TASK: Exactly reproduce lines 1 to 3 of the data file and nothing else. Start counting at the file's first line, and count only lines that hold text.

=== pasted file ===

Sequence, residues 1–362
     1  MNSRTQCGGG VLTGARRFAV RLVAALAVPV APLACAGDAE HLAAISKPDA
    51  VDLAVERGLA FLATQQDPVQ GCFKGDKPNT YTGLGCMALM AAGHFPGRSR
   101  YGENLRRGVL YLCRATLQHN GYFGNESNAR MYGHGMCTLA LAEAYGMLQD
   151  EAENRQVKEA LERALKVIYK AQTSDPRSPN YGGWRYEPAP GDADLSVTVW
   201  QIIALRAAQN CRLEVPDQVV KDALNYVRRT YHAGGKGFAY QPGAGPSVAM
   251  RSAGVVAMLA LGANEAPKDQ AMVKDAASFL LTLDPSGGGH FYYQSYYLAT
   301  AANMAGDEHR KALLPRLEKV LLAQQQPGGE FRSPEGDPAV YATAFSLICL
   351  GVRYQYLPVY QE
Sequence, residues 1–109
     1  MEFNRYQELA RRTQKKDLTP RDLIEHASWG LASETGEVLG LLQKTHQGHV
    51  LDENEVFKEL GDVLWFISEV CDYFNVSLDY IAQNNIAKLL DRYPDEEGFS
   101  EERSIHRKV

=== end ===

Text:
Sequence, residues 1–362
     1  MNSRTQCGGG VLTGARRFAV RLVAALAVPV APLACAGDAE HLAAISKPDA
    51  VDLAVERGLA FLATQQDPVQ GCFKGDKPNT YTGLGCMALM AAGHFPGRSR